Martin Gayford

Will the real Van Gogh please stand up

The Van Gogh Museum thinks they’re not. Which is a relief. It would have been a truly shocking revelation if they had been genuine: that Vincent could be this bad

Will the real Van Gogh please stand up
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Vincent van Gogh spent a remarkably short span of time in the southern French town of Arles. The interval between him stepping off the train from Paris on 20 February 1888 and his departure for the asylum at Saint-Rémy on 8 May the following year was a scant 14-and-a-half months. For some of this time the painter was hospitalised and seriously ill, yet in this brief period he produced not just one, but several of the greatest pictures in the history of art.

It might be thought that there was nothing more to discover about Vincent in Arles, a subject that has been so discussed, investigated, dramatised and filmed over the years. But this year a flurry of fresh information has appeared. In the summer, strong evidence emerged in Van Gogh’s Ear, a book by Bernadette Murphy, about how much of that organ he had sliced off on the evening of 23 December 1888. It was not just a portion of lobe, as is often believed, but the whole damn thing.

Now, in Studio of the South: Van Gogh in Provence (Frances Lincoln, £25), Martin Bailey, an indefatigable and much-respected researcher into Van Gogh’s life and art, has lucidly marshalled the facts of the case, and added several fresh pieces of information.

One poignant detail he underlines is that, on the very day that Vincent descended into delirium and mutilated himself, his youngest sister Wil passed on a compliment from Jozef Israëls, a famous older Dutch artist. On seeing ‘Pink Peach Trees’, one of the paintings of orchards in blossom from the previous spring, Israëls exclaimed that Van Gogh was a ‘clever lad’.

This undercuts another persistent legend: that his work was neglected and derided during his lifetime. In fact, very few got a chance to see the great paintings from Arles and Saint-Rémy until near the end of Van Gogh’s life. As Israëls’s remark shows, those who did often liked them.

Had this praise reached Vincent, would it have forestalled his breakdown? There were other factors pushing him over the edge, one of which, as Bailey argues, was the announcement that his brother Theo had become engaged. Through assiduous detective work he has demonstrated that a letter, almost certainly containing the good news, arrived on the morning of the 23rd. This might well have caused Vincent’s anxiety levels to surge, since he depended on Theo for money, and the latter would now have a family to support.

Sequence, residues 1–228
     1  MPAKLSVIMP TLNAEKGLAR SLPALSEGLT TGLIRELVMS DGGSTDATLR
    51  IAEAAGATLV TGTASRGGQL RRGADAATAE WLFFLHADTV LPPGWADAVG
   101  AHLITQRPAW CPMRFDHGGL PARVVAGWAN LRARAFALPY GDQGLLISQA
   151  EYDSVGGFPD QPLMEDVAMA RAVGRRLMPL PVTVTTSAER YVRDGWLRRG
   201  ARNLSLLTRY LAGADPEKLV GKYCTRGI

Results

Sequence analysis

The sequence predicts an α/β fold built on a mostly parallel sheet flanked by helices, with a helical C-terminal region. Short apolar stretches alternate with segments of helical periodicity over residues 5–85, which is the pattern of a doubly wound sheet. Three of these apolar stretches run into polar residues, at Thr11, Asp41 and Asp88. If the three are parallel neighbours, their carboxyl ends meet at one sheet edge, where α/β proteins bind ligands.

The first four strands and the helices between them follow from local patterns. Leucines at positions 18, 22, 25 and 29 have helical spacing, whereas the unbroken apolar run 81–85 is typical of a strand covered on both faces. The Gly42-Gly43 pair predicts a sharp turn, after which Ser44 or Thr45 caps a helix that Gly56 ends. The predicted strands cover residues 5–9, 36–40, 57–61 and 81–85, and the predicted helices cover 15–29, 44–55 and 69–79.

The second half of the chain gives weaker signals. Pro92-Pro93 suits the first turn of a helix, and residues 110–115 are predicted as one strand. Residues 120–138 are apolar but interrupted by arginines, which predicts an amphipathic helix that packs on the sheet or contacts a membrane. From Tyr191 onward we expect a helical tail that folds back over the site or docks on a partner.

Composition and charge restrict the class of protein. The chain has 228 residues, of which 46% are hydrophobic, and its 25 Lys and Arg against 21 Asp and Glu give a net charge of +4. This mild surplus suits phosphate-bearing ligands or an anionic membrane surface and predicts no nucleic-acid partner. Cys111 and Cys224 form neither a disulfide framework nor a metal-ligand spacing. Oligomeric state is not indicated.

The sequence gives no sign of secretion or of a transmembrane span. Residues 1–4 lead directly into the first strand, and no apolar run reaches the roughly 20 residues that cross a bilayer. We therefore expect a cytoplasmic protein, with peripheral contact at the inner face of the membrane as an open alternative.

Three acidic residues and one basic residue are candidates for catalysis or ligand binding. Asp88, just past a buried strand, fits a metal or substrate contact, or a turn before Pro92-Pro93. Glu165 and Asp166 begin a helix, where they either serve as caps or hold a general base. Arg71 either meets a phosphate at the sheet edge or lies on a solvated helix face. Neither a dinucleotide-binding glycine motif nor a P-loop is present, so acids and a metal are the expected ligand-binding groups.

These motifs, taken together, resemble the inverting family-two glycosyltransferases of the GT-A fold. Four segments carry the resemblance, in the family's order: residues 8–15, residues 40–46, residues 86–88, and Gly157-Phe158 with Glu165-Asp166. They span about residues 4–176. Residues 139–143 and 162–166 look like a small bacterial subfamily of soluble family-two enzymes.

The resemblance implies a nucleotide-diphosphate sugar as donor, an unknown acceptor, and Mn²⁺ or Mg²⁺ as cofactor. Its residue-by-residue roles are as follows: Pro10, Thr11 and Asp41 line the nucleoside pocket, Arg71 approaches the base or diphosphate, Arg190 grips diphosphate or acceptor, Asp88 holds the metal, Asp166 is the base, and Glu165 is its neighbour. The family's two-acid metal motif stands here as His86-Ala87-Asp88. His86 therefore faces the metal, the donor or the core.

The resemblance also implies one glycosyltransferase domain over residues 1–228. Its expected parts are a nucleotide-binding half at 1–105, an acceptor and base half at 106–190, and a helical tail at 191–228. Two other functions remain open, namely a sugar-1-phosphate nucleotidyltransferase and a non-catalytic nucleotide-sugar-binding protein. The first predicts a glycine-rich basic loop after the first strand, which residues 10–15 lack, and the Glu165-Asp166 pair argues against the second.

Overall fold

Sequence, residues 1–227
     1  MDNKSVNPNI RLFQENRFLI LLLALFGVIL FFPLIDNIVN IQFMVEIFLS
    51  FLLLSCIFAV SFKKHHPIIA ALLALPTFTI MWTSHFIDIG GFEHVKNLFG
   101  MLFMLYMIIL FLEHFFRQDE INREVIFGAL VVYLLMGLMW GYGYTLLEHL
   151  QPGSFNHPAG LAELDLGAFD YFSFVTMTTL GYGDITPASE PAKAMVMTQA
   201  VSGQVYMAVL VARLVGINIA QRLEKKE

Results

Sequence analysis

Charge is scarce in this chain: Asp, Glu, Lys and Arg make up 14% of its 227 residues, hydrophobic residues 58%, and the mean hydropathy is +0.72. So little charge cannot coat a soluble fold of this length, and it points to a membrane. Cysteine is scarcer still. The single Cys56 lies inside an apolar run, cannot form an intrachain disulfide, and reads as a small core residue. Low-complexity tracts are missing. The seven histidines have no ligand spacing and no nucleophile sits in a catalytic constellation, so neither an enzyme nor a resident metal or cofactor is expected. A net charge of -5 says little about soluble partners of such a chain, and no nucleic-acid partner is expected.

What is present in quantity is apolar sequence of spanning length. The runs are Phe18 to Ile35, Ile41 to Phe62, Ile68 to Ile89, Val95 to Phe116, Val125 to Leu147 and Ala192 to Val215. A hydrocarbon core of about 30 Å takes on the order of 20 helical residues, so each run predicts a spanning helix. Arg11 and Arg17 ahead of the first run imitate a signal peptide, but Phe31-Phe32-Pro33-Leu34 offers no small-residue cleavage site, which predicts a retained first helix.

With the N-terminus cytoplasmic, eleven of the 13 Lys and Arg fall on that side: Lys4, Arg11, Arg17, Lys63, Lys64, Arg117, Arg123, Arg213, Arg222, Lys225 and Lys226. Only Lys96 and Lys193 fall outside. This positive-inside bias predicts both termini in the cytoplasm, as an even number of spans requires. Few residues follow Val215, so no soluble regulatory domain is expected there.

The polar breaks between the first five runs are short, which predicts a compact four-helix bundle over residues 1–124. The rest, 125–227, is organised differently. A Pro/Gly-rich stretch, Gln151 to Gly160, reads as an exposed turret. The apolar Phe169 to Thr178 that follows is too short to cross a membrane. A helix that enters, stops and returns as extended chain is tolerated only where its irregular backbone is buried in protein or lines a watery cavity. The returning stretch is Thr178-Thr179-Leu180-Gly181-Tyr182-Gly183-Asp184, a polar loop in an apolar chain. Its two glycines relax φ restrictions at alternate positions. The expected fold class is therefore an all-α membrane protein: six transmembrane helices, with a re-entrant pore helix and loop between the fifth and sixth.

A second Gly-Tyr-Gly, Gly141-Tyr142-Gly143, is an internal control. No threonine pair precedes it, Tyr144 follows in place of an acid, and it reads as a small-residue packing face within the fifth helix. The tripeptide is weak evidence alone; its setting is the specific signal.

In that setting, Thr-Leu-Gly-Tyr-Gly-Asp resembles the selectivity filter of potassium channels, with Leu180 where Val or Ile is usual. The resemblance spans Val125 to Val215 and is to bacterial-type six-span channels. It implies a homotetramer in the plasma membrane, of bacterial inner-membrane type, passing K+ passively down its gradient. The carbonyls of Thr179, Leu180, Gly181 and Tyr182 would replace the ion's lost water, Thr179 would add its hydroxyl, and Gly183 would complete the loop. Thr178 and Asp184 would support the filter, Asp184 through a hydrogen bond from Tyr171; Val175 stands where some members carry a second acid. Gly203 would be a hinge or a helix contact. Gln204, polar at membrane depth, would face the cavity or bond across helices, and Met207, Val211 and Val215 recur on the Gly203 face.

This could well have triggered the catastrophe — although there was more than one factor undermining Van Gogh’s mental equilibrium. He had been working furiously hard for months, was probably drinking heavily, and his house-share with Paul Gauguin, the most fraught in art history, was about to disintegrate. There was also an underlying malady, probably inexorable and genetic, since his sister Wil later also became deranged.

Bailey’s book reproduces a large number of works, including a recently unearthed sketch of Van Gogh by his friend Émile Bernard, and the oil ‘Sunset at Montmajour’, which was rediscovered a few years ago. There is, however, a yet more sensational supposed find, which has just been announced: a unknown sketchbook that has — apparently — been preserved, unnoticed, in Arles since 1890.

This, and the 65 drawings it contains, was revealed to the world this week at a press conference in Paris and in a book, Vincent van Gogh: The Lost Arles Sketchbook, written by a distinguished Canadian scholar, Bogomila Welsh-Ovcharov, with a foreword by Ronald Pickvance, doyen of Van Gogh specialists. It contains many versions of familiar subjects — the cornfields, the cypress and olive trees — plus a few novelties, including an alleged portrait of Gauguin and a strange self-portrait, quite unlike any other image of Vincent.

It is claimed that the sketchbook was presented to his friends and ex-landlords Joseph and Marie Ginoux, the proprietors of the Café de la Gare, by Van Gogh shortly before he took the train north to Auvers, where he killed himself a few months later. He did not give it to them in person,

but entrusted it to Félix Rey, the doctor who treated him immediately after the ear-cutting episode.

Dr Rey allegedly visited him at Saint-Rémy and carried the sketchbook back to Arles. Neither the gift nor this visit was previously known, but are referred to in another discovery — a fragmentary notebook recording various dealings at the Café de la Gare that was preserved with the drawings (which are not in a conventional artist’s sketchbook but a recycled commercial ledger).

There are several aspects of this provenance that make one feel cautious. It is surprising, for example, though possible, that such a valuable object should have lain around undetected for more than a century. However, that would not be so important if the sketches themselves were comparable in quality to the masterly paintings and drawings that Vincent was producing at the very same time. But they are not.

I must emphasise that I have not seen the originals, but judging from reproductions many of them are weak and some — especially the portraits — look positively inept, no better than amateur art-class standard. The opinion of the Van Gogh Museum experts, released just after the unveiling of the sketchbook, is convincing: that they are in fact ‘imitations’ containing ‘striking topographical errors’ — such as omitting part of the asylum at Saint-Rémy — which Van Gogh did not otherwise make. The verdict is also a relief. If the sketchbook had proved genuine it would have contained a truly shocking revelation: that Vincent could be this bad.